Best Practices from Oracle Development's A‑Team

Extending Oracle Blockchain Events with OCI - Part 3 (Function Producer)

Tamer Qumhieh
Master Principal Technology Evangelist


This is Part 3 of the “Extending Oracle Blockchain Events with OCI” series. In Part 1 I introduced the solution architecture and the different components that will be utilized for extending Oracle Blockchain platform with OCI services. In Part 2 I went through the steps needed to prepare your OCI environment. In this Blog series, we will build the Oracle Functions "Event Producer" and push its corresponding docker image to Oracle OCI Registry "OCIR". We will not deploy the function as that will be automated in the next blog post.


Docker 17.10.0-ce or later installed and running

fn project  cli installed

Oracle Functions

As explained before, “Oracle Functions” is a fully managed, highly scalable, on-demand, Functions-as-a-Service platform, built on enterprise-grade Oracle Cloud Infrastructure and powered by the Fn Project open source engine. With Functions; you only need to focus on writing code to meet business requirements. You don't have to worry about the underlying infrastructure because Oracle Functions will ensure your app is highly available, scalable, secure, and monitored.

To create a new fn function, you simply use the fn cli to scaffold a new project. fn support many programming languages (Java, Node, Python, GO, C#, Ruby), however we will be using Java.

> fn init obpeventsfunc --runtime java

This will create you the below structure

├── func.yaml
├── pom.xml
└── src
    ├── main
    │   └── java
    │       └── com
    │           └── example
    │               └── fn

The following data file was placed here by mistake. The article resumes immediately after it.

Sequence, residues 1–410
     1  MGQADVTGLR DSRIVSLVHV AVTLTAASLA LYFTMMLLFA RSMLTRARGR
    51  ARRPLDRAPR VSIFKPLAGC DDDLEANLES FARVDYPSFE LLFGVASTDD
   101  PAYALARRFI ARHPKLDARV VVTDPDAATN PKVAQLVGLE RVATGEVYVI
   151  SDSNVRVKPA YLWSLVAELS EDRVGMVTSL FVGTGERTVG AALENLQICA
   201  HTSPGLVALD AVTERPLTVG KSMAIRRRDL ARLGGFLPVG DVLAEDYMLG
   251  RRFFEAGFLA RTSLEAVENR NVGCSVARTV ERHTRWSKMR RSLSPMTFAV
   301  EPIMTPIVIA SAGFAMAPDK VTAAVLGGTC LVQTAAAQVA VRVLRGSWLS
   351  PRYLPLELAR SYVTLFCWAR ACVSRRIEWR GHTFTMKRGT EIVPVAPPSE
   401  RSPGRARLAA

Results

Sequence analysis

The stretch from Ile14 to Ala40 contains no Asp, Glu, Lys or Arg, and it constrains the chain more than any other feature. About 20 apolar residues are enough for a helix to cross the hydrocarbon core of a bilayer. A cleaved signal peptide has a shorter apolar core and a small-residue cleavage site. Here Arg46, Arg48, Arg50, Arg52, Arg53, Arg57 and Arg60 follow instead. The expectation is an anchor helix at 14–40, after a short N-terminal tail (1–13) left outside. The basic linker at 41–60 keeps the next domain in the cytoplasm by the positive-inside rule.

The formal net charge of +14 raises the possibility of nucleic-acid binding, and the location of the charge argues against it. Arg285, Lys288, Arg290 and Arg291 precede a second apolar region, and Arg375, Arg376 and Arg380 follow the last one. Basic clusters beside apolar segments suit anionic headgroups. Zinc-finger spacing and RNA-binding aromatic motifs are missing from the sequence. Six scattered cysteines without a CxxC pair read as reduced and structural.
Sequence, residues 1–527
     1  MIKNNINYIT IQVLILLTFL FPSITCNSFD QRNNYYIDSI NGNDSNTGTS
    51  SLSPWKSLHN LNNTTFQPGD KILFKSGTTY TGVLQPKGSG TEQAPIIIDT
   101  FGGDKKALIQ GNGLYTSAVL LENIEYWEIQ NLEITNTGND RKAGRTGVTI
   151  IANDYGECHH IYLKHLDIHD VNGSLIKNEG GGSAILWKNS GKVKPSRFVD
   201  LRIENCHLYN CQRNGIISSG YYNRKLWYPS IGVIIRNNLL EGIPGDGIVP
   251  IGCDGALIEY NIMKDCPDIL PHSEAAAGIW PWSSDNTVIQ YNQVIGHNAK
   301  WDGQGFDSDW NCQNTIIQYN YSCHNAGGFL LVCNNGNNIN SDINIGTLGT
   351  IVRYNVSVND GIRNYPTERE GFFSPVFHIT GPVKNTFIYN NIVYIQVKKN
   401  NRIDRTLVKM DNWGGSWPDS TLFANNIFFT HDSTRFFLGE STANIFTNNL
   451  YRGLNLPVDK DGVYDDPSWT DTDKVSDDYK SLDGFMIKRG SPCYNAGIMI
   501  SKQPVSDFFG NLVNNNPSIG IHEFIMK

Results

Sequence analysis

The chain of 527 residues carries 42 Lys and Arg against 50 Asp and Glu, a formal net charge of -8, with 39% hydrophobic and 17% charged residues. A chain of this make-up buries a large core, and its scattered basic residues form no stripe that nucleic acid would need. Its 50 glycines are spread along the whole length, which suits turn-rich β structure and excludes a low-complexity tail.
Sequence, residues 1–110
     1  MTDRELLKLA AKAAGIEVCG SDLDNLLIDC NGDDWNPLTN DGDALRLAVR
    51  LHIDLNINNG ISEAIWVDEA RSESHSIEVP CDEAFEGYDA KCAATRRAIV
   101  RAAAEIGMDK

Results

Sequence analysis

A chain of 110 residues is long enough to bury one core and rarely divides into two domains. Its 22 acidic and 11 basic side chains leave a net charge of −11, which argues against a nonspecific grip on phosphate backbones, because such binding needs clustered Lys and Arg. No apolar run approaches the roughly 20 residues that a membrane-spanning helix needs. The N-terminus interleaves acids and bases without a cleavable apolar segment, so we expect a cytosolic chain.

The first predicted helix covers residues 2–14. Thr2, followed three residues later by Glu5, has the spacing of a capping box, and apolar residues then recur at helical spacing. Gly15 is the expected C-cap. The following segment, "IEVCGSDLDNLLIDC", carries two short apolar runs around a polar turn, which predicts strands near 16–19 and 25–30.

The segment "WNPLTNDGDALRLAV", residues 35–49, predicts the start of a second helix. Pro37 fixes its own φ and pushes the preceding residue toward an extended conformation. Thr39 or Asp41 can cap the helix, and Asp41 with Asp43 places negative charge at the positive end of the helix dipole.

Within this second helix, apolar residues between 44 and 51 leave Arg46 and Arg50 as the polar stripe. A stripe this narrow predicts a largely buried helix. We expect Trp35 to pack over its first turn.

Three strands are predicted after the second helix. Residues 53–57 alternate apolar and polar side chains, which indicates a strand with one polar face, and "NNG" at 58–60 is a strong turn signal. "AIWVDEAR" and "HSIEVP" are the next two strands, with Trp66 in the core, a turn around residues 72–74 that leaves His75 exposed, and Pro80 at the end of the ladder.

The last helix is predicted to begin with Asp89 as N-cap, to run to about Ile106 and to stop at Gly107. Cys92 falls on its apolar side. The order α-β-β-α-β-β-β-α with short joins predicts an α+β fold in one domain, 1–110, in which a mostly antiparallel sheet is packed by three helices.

│                   └── HelloFunction.java
    └── test
        └── java
            └── com
                └── example
                    └── fn
                        └── HelloFunctionTest.java

11 directories, 4 files

The fn init command creates you sample code, but I usually prefer to delete sample code and create my own. Firstly, delete "obpeventsfunc/src/test" folder, then under "obpeventsfunc/src/main/java" create a new "producer" folder. Now you can delete the "obpeventsfunc/src/main/java/com" folder. Under "obpeventsfunc/src/main/java/producer" create a new Java file "EventProducer.java" your final folder structure should look like this

├── func.yaml
├── hello.iml
├── pom.xml
└── src
    └── main
        └── java
            └── producer
                └── EventProducer.java

Finally edit the file "obpeventsfunc/func.yaml" and modify the value of the "cmd" property to point to your newly created java class "cmd: producer.EventProducer::handleRequest".

schema_version: 20180708
name: obpeventsfunc
version: 0.0.1
runtime: java
build_image: fnproject/fn-java-fdk-build:jdk11-1.0.105
run_image: fnproject/fn-java-fdk:jre11-1.0.105
cmd: producer.EventProducer::handleRequest

Now as we have our folder structure in place, let us start by importing the required maven API dependencies into your function pom.xml





Start by creating the handleRequest method that takes as input parameter an Event object. The Event object is the actual event payload sent by Blockchain Platform:

public String handleRequest(Event event) {

    // OBP sends a test event when initially subscribing with its Event service, in that case, do nothing and return
    if (event.eventType.equalsIgnoreCase("test")) {
        return "done";
    return "done";

When Oracle Blockchain platform emits an event; the event generated is in JSON format, however in order to use it in our Java function, we need to create a corresponding Java class(es) that maps to the structure of the JSON payload. FN will do the rest of the marshalling and unmarshalling of data.

Oracle Blockchain Platform Event Payload:

  "eventType": "string",
  "sudid": "string",
  "channel": "string",
  "eventMsg": {
    "chaincodeId": "string",
    "txId": "string",
    "eventName": "string",
    "payload": {
      "type": "string",
      "data": "string"

In the EventProducer.java create three subclasses that maps to the above JSON object

public static class Event{